“I knew better,” he added later, “but I still sort of thought it was all behind me. That I was a sober person now. But it’s never something that will just happen without me choosing it.”

I’m immensely proud of my friend, who said I could share his story as long as I was vague with the details. Last time we talked, his sobriety was holding. But he didn’t take it for granted any more. It’s a daily choice. 

Choose this day whom you will serve. 

I have been fortunate not to know substance abuse or addiction as part of my story—mostly because I’ve chosen to be preempatively sober, out of fear that addiction might be too easy to slip into. Because I know myself, and I know my flirtation with idols. I know how eager I am for quick fixes, for praise and adoration, for a house that’s just a little nicer or a car that’s just a little newer. I know how easily I could worship at the altar of a charismatic politician or a rockstar preacher. I know the idol I have even made of myself, offering prayers to my own pride and competence and self-determinism. 

Idols are everywhere we look. And if we don’t actively choose to serve the Lord, we will commit ourselves to our culture’s idols without even noticing. It will feel right and inevitable. 

Choose this day whom you will serve. 

I spent this week, like many of you, fighting the urge to stay superglued to my screen, watching the news of our latest election. Despite the boring premise—we basically spent a week waiting for people to conclude some data entry—it was difficult to tear myself away. 

The tension and division in this country is very high. The fear and anger and grief are real. We all know that. I saw people accuse both Biden and Trump of being one step above the anti-Christ—and one step below Christ himself. I saw people act like our very salvation would be decided at the ballot box. And while the government of this country does have very real power over our lives, I promise you this today: our Savior sits on a much, much higher throne than the desk of the oval office. 

I was pastor here for a couple months while Obama was president. During those months, we fed two dozen children at River Ridge each week, because we are called to care for the least of these. I’ve been here for four years while Trump was president. During those years, we fed two dozen children at River Ridge each week, because we are called to care for the least of these. And in the next four years, and the four after that, and the four after that, I expect we will continue to feed the hungry children of our community, because we are called to care for the least of these.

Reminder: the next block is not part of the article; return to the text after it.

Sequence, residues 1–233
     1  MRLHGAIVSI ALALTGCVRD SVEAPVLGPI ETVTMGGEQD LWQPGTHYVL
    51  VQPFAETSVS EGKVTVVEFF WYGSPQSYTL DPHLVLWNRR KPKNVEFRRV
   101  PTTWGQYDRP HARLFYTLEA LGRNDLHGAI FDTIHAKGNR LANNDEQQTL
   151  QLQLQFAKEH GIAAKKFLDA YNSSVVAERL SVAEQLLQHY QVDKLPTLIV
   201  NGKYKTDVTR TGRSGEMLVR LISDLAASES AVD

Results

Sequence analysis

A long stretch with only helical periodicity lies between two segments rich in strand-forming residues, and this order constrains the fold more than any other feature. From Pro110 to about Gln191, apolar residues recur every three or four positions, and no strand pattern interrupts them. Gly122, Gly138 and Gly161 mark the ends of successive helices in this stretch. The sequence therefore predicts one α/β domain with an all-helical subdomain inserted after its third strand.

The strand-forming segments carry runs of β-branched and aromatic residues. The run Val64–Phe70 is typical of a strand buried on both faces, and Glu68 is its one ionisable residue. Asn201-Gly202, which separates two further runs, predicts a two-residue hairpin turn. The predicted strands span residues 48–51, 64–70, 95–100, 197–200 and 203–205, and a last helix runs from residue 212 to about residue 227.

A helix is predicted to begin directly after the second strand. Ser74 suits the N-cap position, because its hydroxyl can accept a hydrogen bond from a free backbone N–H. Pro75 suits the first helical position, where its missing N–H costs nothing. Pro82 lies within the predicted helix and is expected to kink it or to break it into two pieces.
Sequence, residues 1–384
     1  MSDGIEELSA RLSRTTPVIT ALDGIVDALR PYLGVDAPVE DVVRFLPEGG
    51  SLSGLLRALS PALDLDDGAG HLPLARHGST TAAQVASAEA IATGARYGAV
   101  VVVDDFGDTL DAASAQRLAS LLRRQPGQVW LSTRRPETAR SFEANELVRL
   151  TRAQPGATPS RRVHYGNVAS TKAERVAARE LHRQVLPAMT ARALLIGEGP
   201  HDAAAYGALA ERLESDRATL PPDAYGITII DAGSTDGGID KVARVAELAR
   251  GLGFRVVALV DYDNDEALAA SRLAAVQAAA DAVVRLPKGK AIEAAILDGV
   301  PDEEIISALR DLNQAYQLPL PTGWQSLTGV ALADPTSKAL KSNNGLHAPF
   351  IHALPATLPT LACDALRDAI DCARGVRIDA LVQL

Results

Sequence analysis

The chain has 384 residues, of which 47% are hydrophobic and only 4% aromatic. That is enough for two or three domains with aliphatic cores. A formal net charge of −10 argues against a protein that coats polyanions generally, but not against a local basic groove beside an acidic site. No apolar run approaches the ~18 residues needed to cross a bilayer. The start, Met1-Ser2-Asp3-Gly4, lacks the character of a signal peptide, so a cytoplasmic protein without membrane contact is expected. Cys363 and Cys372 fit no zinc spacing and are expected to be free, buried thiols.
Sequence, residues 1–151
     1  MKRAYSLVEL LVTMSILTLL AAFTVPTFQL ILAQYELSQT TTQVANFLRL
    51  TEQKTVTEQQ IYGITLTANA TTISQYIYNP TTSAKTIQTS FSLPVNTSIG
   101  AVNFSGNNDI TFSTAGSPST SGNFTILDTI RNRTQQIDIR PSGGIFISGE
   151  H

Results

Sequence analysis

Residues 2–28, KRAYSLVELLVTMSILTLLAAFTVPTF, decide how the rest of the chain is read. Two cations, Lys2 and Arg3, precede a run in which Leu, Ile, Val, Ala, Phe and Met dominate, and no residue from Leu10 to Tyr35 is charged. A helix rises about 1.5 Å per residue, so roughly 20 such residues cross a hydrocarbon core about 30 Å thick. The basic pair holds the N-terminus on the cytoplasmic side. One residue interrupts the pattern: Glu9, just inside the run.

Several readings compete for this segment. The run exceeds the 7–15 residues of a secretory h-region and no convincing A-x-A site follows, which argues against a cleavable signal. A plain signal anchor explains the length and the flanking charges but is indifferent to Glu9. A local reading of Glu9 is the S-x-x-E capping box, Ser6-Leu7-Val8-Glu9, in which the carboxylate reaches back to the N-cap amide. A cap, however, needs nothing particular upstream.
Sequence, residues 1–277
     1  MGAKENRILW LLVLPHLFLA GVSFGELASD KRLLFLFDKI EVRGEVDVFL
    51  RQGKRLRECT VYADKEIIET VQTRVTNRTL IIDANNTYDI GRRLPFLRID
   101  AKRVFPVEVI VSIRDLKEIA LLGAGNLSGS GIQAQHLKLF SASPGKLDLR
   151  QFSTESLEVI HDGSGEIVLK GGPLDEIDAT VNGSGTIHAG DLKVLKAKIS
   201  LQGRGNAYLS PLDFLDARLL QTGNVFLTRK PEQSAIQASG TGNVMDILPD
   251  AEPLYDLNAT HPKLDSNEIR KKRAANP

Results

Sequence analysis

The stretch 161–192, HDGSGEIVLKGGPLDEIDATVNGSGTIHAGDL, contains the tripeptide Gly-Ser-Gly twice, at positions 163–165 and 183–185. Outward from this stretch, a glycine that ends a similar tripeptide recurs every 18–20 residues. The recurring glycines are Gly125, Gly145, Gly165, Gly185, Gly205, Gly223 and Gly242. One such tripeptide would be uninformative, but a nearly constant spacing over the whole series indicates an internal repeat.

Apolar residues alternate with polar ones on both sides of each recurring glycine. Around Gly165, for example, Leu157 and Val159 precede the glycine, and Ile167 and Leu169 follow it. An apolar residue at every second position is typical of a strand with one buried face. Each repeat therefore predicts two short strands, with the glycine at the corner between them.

Choose this day whom you will serve. 

As a church, our call is unchanged by elections and regimes and all the accidents of history. We are called to love and serve the Lord. Together. Whether we think the same or vote the same or not, we are called to love and serve the same Lord. 

It seems like an obvious choice. You all put the effort into being part of this morning’s worship service, despite the challenges of fully engaging in online worship. Of course you are going to choose to serve the Lord. 

That’s what Joshua’s people say, too. We choose the Lord! they shout back. We know what God has done for us. We choose the Lord!

But Joshua warns them that it’s not as simple as it sounds. It’s not a one and done deal. They will be tempted, again and again and again, by easier paths to power and influence. They will have to keep making the choice to serve God, each time some other idol turns their head. 

Most of us worshipping this morning made the choice to serve the Lord at some point, whether we felt moved by the irresistible power of God’s claim on us or whether we were pushed into it by a parent or spouse who just wanted to see us at church. But serving the Lord is not a choice that we make once and never have to make again. Serving God is a daily choice. 

I generally do not wake up in the mood to serve the Lord. I am not enough of a morning person for that. Sometimes I’m not sure I’m really any good to God until after breakfast. But still, at some point, I get over worshipping the idol of my own comfort, my devotion to my own warm bed, and I choose for one more day to serve the Lord.

I don’t always manage it. There are days when my service is slapdash at best, and I carry with me a litany of the times I have failed. Sometimes I think I am serving the Lord when all I’m really serving is my own desire for routine, or reassurance, or to be thought well of. But eventually God calls me on my fraud, and reluctantly I push my idols away again, and turn my heart and my focus to God. 

Another pastor made a comment this week that blew my mind. “We are all recovering idol worshippers,” she said. 

And that’s the truth of it. Each of us has had to wrestle with an addiction to some kind of power, some kind of comfort, some kind of identity, that is not God’s. Which makes serving God, and not those idols that beckon so subtly to us, a daily choice. 

God’s choice is sure, and does not waver. We belong to God, now and always. But we are not God, and so if we want to be the witnesses to the world of the God we love, we’ll have to keep choosing, one word, one act, one day at a time.

Choose this day whom you will serve. 

Then prepare yourself to choose tomorrow who you will serve.

Then the next day, and the next day, and the day after that. 

It’s not easy. But the Lord God is the only one worth worshipping. Because only in God does our service mean our freedom.